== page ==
Ask most people outside of law enforcement what the biggest problem facing the police today is and you’ll get a lot of different answers. Some people may point to the opioid epidemic, others to rising murder rates in some large cities, and a lot might point to unfair public attacks on officer credibility.
But if you ask people within law enforcement, you’ll get a very different answer.
In its “Industry Trend Survey 2019: Law Enforcement” Cellebrite surveyed about 2400 law enforcement officials in North America – including investigators, examiners, agency managers, and prosecutors – and asked them what some of the biggest problems facing their organizations were. (Full Disclosure: I am a paid consultant to Cellebrite, having come to work with them following a career in law enforcement, including 25 years in the Kansas City, Missouri police department.)
People in law enforcement know exactly what is the biggest problem we’re facing. Law enforcement is drowning in a deluge of digital data, and finding the relevant evidence in the mounds of irrelevant noise uses countless man-hours, creates long backlogs, and crushes budgets. Those of us in law enforcement need to adjust our approach to fix the problem.
Let’s first look at the extent of the problem. Text messages are reviewed in 89% of investigations in North America. For digital images, it’s 85%. Social media profiles are reviewed in 80% of investigations in North America. Those of us who parent Millennials know it’s not just a few text messages or Facebook posts to comb through in these cases. It’s thousands upon thousands of them. A typical 128 GB phone filled with media has the equivalent of 33 million pieces of paper on it.
Investigators now spend an average 36 hours per week going through digital evidence. That doesn’t leave much time for the rest of the job.
Spending so much time going through data – much of which will never be used as evidence – has another bad outcome. Case backlogs are getting long. In North America, the average case backlog is two months. And it’s getting worse.
Given the length of the backlog and the time consuming nature of the work, most law enforcement entities believe they have little choice other than to pay for overtime – 50% of law enforcement entities are paying examiners overtime to go through backlogged digital devices.
But the alternative is worse. 25% are only examining time-sensitive data, leaving the rest of the data “on the shelf.”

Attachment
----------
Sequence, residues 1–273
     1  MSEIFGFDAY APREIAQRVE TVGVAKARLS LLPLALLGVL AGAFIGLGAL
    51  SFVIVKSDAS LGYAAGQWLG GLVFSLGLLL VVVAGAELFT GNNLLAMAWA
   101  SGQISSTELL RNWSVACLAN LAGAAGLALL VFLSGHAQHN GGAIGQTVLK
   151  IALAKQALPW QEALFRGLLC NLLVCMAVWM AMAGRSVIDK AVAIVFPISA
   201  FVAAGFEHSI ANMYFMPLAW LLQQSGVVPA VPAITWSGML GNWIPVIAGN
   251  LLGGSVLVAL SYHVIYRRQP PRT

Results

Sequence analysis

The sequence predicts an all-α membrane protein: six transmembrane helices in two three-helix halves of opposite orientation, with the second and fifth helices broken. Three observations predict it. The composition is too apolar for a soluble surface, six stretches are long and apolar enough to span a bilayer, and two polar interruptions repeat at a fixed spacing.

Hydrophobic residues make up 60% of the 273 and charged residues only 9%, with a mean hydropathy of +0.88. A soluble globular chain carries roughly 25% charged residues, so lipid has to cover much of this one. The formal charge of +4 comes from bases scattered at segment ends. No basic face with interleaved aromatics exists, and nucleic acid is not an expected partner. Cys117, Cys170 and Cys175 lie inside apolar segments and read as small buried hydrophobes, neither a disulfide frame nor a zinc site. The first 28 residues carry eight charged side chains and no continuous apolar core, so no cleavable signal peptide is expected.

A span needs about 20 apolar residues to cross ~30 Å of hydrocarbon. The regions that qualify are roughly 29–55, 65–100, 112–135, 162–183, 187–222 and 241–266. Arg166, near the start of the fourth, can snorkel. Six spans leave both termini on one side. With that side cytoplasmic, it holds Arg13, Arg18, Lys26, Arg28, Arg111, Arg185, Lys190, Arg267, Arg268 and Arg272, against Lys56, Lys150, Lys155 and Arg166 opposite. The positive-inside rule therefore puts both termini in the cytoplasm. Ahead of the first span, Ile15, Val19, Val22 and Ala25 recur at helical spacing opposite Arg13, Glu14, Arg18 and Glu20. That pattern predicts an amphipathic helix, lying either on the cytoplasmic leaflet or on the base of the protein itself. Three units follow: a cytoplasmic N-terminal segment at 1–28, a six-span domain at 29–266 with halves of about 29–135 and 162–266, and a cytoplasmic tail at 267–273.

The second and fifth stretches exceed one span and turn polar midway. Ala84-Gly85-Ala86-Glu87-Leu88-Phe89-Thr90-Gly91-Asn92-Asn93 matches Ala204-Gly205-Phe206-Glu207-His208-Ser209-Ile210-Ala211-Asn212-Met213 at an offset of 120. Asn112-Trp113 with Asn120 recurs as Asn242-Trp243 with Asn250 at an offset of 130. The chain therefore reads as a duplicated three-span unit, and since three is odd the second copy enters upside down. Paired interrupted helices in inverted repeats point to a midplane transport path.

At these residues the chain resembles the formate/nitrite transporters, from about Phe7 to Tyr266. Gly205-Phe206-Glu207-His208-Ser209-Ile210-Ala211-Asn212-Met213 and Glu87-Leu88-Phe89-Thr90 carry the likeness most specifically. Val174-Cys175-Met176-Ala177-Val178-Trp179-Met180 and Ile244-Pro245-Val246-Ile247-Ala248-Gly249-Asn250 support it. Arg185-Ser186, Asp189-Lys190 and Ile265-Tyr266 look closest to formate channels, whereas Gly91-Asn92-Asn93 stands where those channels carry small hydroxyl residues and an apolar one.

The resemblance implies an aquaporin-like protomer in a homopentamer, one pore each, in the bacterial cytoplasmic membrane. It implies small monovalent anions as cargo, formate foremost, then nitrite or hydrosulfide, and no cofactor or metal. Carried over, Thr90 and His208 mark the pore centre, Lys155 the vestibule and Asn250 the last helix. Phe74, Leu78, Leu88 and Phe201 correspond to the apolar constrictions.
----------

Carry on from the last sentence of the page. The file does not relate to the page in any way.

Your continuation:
Don’t get me wrong – I’m all for law enforcement officers getting paid the overtime they’ve earned and deserved. But I’m also a former Chief of Police, and I know every dollar we spend on overtime is a dollar we can’t spend on equipment, new hires, training, or any of the other hugely pressing priorities police departments have. We’re kidding ourselves if we think that paying for overtime is a sustainable solution to the backlog or to the digital deluge.
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We’re going to have to do more. The first answer – and the easiest answer– is to embrace analytics tools that allow law enforcement to move quickly through mounds of data. So far, just 26% law enforcement agencies are using these tools. Compare that to the 22% who are printing out text messages and other evidence and highlighting the relevant parts. Or the 69% who are using extraction reports from reader tools. We need to make better use of digital intelligence. The old ways take too long. We have to move past them.
We also have to make better use of our people. That means training them in new techniques. Training can make investigators and examiners much more efficient. Law enforcement organizations should invest in training for investigators so they can use new technology.
Dealing with the data deluge is not going to be easy. But we don’t have much of a choice. Crimes have changed, and criminals leave different evidence than they use to. It’s up to us to adapt. As the new survey shows, we have a ways to go.
Louis Quijas is a career law enforcement official. He currently serves as a paid consultant to Cellebrite, the leading supplier of digital forensics tools to law enforcement entities. He has also served as the Assistant Secretary of Homeland Security for State and Local Law Enforcement, an Assistant Director at the FBI, and the Chief of Police of High Point, North Carolina. He spent 25 years with the Kansas City, MO police department, retiring as a Major in 1997.